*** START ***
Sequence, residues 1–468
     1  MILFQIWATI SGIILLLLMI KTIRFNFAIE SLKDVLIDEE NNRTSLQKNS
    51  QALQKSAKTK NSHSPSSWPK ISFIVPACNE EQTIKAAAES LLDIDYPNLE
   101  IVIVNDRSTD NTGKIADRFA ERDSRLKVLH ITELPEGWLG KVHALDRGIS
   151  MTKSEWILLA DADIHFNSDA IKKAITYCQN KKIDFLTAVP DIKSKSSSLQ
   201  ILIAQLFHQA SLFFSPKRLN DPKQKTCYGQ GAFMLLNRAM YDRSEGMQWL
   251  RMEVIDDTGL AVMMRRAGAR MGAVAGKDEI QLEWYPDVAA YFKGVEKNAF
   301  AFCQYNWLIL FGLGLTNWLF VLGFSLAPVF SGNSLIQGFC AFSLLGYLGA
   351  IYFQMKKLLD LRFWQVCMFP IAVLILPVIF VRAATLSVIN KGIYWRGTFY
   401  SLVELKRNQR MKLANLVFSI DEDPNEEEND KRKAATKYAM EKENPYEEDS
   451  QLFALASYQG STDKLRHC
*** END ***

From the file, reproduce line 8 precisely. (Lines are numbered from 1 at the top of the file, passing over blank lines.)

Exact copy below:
   301  AFCQYNWLIL FGLGLTNWLF VLGFSLAPVF SGNSLIQGFC AFSLLGYLGA